Two- And Four-Legged Athletes In The Sports Spotlight
SCOTT SIMON, HOST:
This is WEEKEND EDITION from NPR News. I'm Scott Simon. Finally, time for sports.
Ah, oh, leg cramp - got to limp out of the studio - just a little LeBron James joke. We'll get to the NBA Finals, but first, the sports story of the weekend is that superb athlete on four legs named California Chrome - try to become the first Triple Crown winner in 36 years at Belmont Park later today. NPR's Tom Goldman joins us. Thanks for being with us, Tom.
TOM GOLDMAN, BYLINE: Yeah, take a salt pill and get back in the studio, Simon.
SIMON: Well, we'll get to that question about LeBron in the NBA finals but first, the Belmont. The longest leg - end of a five-week spell of racing. Has anyone ever thought about spreading out the time between the Triple Crown races to give more horses a chance - maybe give the sport a jolt of popularity?
GOLDMAN: Yeah, in fact, Tom Chuckas, the president of the Maryland Jockey Club, has floated the idea recently of having the Kentucky Derby the first Saturday in May, as it is now, then the Preakness the first Saturday in June and the Belmont on the first Saturday in July - maybe a July fourth extravaganza. The advantage is, in theory, better races because more good horses would compete since there'd be ample time to recover after each one. Only three horses, Scott, that ran in the Kentucky Derby, including California Chrome, ran in the Preakness. And yeah, more time between races could keep horseracing in the public eye longer, and potentially it would be better for the horses' health.
SIMON: Yeah, but it may not be the Triple Crown - but - at least anymore. But let me get to the NBA playoffs, okay?
SIMON: A sweaty game on Thursday. The Heat, who wilted a bit at the San Antonio Spurs - the air-conditioning broke in the amphitheater. LeBron James came up lame. Is he getting a lot of - look, best basketball player in the world at the moment - is he getting unfair carping from people who think that he should have played?
GOLDMAN: You think? You know, there's lots of LeBron bashing, which still seems to be a favorite pastime for many sports fans, unfortunately.
SIMON: Yeah. Cleveland can do it, but what about the rest of the world?
GOLDMAN: Right, yeah, yeah. You know, one of the more ironic, negative tweets while James was suffering on the Heat bench came from pro football player Jonathan Martin. You'll remember he was ridiculed in some quarters for leaving the Miami Dolphins last season because he said he was bullied. And he tweeted about LeBron - come on, drink a Gatorade and get out there. Well, you know, LeBron couldn't have gotten out there. It wasn't like Michael Jordan playing with the flu and the high fever in that famous game. Jordan was weakened but his legs could still work.
SIMON: Well, you know, and - a handy note from Michael Jordan. Let me ask about those fabulous San Antonio Spurs 'cause a guy could make the argument that since MJ retired, the Spurs - not the LA Lakers, not the Miami Heat - at least so far, have been the preeminent franchise in big-time basketball.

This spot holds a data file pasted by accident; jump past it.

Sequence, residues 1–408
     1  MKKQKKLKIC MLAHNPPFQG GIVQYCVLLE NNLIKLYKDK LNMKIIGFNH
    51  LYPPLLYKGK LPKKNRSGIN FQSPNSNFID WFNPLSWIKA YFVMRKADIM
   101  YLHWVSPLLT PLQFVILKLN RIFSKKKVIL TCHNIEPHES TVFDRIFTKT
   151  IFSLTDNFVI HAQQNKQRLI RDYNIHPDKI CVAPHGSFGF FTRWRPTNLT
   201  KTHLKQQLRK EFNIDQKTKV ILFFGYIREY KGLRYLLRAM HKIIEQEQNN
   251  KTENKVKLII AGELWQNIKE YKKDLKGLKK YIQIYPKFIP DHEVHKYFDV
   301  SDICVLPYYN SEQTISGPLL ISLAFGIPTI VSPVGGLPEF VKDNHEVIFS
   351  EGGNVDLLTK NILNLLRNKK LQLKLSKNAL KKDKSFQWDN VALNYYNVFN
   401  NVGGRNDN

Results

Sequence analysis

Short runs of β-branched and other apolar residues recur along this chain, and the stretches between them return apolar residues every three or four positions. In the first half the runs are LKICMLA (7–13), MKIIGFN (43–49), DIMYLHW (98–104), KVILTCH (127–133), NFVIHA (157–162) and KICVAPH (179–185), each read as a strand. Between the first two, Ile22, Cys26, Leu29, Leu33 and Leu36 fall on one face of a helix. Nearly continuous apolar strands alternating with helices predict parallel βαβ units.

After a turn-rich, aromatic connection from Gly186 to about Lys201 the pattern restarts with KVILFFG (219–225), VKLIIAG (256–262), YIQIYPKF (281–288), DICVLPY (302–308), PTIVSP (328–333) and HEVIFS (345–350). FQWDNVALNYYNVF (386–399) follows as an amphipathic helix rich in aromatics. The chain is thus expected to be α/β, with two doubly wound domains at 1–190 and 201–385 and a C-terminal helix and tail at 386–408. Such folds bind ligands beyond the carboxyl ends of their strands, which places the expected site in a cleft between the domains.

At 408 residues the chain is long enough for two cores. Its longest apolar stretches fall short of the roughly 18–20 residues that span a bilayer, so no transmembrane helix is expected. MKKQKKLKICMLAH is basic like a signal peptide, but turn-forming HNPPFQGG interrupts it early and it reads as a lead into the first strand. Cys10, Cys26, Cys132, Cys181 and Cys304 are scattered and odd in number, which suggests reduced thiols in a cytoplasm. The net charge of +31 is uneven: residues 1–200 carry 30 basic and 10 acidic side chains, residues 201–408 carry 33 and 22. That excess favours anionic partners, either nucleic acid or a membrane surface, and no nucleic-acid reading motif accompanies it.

GOLDMAN: Yeah, definitely. And how have they done that? You know, the short answer - popping Timmy - head coach, Gregg Popovich, all-star power forward, Tim Duncan. Just as Bill Belichick and Tom Brady, Scott, have been the foundation of the New England Patriots' dynasty in the NFL, Duncan has been such an exceptional anchor for the team. And the Spurs have surrounded him with exceptional players who buy into a system of basketball that Popovich has perfected over the years. Since those two have been together - and they teamed up in 1997 - the Spurs have won at least 50 games each regular season. They've gotten to the playoffs each year. They've won four titles and now are three wins away from a fifth. That's just remarkable consistency.
SIMON: Tom, World Cup will begin soon. Team USA has got to play Ghana, Portugal and Germany - three tough teams. How does the US look?
GOLDMAN: So, so right now. The US has played two pre-World Cup friendlys, as they're called. They've won both games, but not exactly inspired play on their part. Today, they have a final warm-up game against Nigeria, one of the 32 teams heading to Brazil for the World Cup. So, it'll be a tougher test. And it's an important game for US forward Jozi Altidore. He's been playing well but he is in a whopper of a goal-scoring slump. He hasn't scored in competition since late last year. It would be great for him to break out tonight before Brazil to give him a shot of confidence because if the US has any chance of success in Brazil is going to be important for Altidore to put the ball in the net.
SIMON: NPR's Tom Goldman, thanks so much.
GOLDMAN: You're welcome.
NPR transcripts are created on a rush deadline by a contractor for NPR, and accuracy and availability may vary. This text may not be in its final form and may be updated or revised in the future. Please be aware that the authoritative record of NPR's programming is the audio.